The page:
“We are surprised that money that had been allocated to treat patients and manage Covid-19 has been stolen under CS Kagwe’s watch,” said the Bishop, who also asked suspended Kemsa CEO Jonah Manjari to provide all relevant information to investigating agencies.
“All we want is for these people to be apprehended and taken to court for corruption,” said Bishop Kariuki.
Pastor Bilha Joyce of Harvest Ministries International Nairobi said it is wrong for government officials to misappropriate Covid-19 funds. She also called on the government to take action to prevent donors from pulling away.
The Sunday Nation obtained the documents Friday, the same day suspended Kemsa CEO Manjari directly linked Mr Kagwe and Ms Mochache to the multibillion-shilling scandal.
Mr Manjari told a joint Senate committee of Health and Covid-19 that he would occasionally receive phone calls and text messages from either Mr Kagwe or Ms Mochache on issues related to procurement of Covid-19 materials. His statement was however weakened by the fact that he did not have written instructions from the two to support his claims.
In her fightback, Ms Mochache says there is a general misunderstanding on the letters purported to have originated from her.
On August 27, she wrote a letter to Mr Edward Njoroge, the Acting CEO at Kemsa, with the reference: “Allegations of provision by this office of names of preferred companies to supply Covid-19 items.”
“I wish to draw your attention to various communication that were sent to you via phone requesting for the status report on the procurement of Covid-19-related items as per my instructions to procure dated March 18, 19 and 23, 2020 which were not responded by your office,” the PS says.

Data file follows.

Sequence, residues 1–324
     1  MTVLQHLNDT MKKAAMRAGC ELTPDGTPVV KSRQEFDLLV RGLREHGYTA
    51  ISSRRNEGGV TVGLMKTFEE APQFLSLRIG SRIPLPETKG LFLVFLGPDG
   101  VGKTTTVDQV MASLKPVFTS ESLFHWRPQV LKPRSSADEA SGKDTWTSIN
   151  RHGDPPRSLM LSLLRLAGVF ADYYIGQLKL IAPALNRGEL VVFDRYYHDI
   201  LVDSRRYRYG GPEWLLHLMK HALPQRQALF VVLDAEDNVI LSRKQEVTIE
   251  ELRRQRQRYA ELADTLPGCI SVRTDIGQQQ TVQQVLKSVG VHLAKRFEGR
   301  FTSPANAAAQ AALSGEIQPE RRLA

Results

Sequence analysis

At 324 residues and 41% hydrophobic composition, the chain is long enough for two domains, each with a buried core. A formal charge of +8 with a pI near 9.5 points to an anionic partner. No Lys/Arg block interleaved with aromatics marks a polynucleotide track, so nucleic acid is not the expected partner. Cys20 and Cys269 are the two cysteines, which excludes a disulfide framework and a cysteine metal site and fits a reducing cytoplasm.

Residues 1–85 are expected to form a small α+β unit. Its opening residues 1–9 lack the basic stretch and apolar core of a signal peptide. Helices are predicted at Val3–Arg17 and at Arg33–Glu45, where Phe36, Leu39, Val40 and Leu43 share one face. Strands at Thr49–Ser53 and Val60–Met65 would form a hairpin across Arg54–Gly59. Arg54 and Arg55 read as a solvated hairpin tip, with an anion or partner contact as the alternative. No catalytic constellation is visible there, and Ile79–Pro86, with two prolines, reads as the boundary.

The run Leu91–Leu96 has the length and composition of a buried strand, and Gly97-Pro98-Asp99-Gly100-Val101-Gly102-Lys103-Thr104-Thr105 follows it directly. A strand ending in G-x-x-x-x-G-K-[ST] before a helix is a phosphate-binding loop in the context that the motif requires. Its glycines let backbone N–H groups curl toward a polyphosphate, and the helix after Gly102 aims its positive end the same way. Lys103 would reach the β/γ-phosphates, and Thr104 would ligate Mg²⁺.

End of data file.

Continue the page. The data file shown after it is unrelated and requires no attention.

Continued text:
On April 2, Mr Eliud Muriithi, the Kemsa Director of Commercial Services, wrote an email to PS Mochache giving her an update on the Covid-19 emergency procurement status. The email was copied to Mr Gitura, Dr Manjari and Mr Juma.
“Please note that we shall be forwarding another report that includes KNH on a different sheet and a summary of all MoH procurement as guided,” the email reads.
Later on the same day, Mr Muriithi sent another email with additional information which included amounts to be incurred.
“Please find final version of the Covid-19 emergency procurement status as at 02.04.2020.Please note that total planned procurement for PPEs, including ventilators, amounts to Sh236, 716,500.Planned procurement for lab commodities amounts to Sh318, 523, 945,” Mr Murithi writes.
He adds: “We shall need guidance on how to proceed on lab commodities in order to manage available budgets. For the sake of good order, please note that we have included on different sheets related procurements on behalf of other institutions, including Kenya Police, Prisons and KNH.”
On April 7, Mr Muriithi wrote to the PS saying that they had decided to scale down their commitments upon her advice.
The documents from Kemsa reveal discrepancies in the pricing of various items. For instance, a firm known as MEDS supplied N95 face masks at a cost of Sh250 while KEMA EA Ltd, Biroyal Int Ltd and Encartar Diagnostics Ltd supplied the same at a cost of Sh700 per item. Shil Trading and Logistics Ltd and Megascope Healthcare (K) Ltd were to supply the same N95 face masks at a cost of Sh900 per piece.
All the firms supplied Personal Protective Equipment (PPE) kits at a cost of Sh9, 500.
Reporting by Angela Oketch, Nyambega Gisesa, Faith Nyamai and Samwel Owino